Brazil’s banks continued their consolidation trend, with the most recent deal in November creating Latin America’s largest financial group. Itaú, Brazil’s second-largest non-state-owned bank, announced its acquisition of Unibanco, the country’s third-largest, in a stock transaction valued at some $12.5 billion. The new group, Itaú Unibanco Holding, will have combined assets of $261.4 billion. Itaú Unibanco Holding, which will continue to use both brands over the medium term, will be 66% owned by Itaú and 5.4% by Bank of America.
Once beholden to economic guidelines put forth by such multilateral lenders as the International Monetary Fund and the World Bank, Brazil now seeks a more active voice within such agencies. President Luiz Inácio Lula da Silva says Brazil and other emerging markets should have a greater role in order to express the concerns of the world’s poor and to reflect the growing impact of emerging markets on global finances. Lula proposes a major overhaul of the global financial system, including expanding the G-20 to include another 15 emerging market nations. Brazil would like an expanded G-20 to take over the G-7’s current leadership role in discussing global financial strategies.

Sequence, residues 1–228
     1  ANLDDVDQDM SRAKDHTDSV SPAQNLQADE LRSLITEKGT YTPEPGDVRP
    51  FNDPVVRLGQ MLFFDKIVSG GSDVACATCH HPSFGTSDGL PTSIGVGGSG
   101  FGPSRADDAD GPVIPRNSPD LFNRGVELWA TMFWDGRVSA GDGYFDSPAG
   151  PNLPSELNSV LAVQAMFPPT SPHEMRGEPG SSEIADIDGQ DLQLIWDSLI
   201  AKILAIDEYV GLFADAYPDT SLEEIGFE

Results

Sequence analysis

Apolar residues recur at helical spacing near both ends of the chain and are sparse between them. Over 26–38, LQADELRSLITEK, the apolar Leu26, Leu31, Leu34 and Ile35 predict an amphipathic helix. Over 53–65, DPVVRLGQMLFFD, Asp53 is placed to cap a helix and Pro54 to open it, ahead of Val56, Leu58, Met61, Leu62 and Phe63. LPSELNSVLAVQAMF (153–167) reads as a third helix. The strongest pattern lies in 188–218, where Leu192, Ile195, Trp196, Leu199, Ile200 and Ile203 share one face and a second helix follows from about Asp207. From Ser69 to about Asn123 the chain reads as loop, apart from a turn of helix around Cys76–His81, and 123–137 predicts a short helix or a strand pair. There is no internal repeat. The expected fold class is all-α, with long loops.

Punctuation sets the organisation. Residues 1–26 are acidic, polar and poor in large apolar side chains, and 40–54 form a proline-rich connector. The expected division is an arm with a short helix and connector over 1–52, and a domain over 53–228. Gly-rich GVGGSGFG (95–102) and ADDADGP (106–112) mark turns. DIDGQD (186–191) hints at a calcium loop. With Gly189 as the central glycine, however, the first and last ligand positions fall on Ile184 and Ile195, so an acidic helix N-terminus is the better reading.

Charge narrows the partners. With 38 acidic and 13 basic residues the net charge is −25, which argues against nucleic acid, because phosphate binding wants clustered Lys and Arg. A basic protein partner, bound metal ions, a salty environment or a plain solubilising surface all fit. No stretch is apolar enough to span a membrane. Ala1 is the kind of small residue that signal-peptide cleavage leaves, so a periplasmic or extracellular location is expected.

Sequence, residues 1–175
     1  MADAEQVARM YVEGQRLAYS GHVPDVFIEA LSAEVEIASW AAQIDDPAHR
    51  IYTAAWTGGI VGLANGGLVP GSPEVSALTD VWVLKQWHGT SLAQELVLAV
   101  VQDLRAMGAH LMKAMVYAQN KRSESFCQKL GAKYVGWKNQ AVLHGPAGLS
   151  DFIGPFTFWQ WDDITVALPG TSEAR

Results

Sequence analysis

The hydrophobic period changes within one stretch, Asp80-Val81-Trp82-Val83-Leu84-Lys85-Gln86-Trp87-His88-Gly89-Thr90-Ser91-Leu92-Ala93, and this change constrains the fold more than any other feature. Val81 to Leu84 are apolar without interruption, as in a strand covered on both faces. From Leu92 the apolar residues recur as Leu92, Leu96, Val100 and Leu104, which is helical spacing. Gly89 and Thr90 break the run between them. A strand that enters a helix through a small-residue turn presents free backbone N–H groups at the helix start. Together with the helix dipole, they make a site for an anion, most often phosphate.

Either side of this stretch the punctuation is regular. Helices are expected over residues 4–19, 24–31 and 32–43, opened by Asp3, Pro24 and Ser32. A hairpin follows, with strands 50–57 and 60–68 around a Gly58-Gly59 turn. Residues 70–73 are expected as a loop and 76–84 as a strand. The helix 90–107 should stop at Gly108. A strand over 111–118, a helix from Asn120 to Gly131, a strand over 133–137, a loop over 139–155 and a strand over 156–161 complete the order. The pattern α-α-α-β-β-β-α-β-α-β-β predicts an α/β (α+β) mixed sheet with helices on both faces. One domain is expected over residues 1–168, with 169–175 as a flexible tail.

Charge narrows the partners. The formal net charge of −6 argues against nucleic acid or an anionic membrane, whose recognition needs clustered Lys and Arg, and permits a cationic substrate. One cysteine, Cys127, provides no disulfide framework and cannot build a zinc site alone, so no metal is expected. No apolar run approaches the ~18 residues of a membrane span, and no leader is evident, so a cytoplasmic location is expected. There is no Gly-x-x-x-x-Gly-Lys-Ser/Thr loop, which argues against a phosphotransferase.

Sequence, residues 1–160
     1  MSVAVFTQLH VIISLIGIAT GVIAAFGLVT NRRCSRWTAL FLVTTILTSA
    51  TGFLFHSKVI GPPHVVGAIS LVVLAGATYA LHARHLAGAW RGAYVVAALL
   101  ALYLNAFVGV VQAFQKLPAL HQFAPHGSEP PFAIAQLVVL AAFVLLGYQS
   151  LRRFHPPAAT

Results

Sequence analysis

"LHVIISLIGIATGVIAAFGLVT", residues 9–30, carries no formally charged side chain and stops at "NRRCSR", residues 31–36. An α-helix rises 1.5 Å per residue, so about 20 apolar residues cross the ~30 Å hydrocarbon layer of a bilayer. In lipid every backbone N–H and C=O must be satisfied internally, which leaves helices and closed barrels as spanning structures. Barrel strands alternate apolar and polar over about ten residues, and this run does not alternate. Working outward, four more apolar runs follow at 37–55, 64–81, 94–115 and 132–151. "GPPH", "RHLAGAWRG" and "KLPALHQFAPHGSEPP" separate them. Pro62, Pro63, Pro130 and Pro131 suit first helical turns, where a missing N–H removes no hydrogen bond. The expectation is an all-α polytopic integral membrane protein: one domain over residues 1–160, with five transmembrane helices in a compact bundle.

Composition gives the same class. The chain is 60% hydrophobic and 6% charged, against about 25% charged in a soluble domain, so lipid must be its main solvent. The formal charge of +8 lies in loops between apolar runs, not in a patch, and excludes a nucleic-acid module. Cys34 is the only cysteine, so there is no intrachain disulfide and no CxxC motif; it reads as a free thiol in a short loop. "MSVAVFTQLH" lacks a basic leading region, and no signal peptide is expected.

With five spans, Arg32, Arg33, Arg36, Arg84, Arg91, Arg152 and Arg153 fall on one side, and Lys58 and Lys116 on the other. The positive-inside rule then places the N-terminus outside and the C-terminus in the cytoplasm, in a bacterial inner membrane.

UK-based Standard Chartered agreed to acquire Lehman Brothers’ Brazilian assets, valued at around $4.3 million, for an undisclosed sum. The deal will be completed through Standard Chartered’s local subsidiary, adding certain fixed assets and a team of 14 market specialists. The transaction was set to close in late November.
The Brazilian government has warned companies that dabbled in foreign exchange derivatives not to expect a bail-out on account of hefty losses. Votorantim, Sadia and Aracruz are among large Brazilian companies that took massive losses on derivatives contracts. After surging strongly against the dollar last year, the real has tumbled 30% since August’s nine-year high. Finance minister Guido Mantega says companies will have to pay the price for risky investments, though noting the government will ensure that there is enough credit and liquidity available to face their losses and continue their investment programs.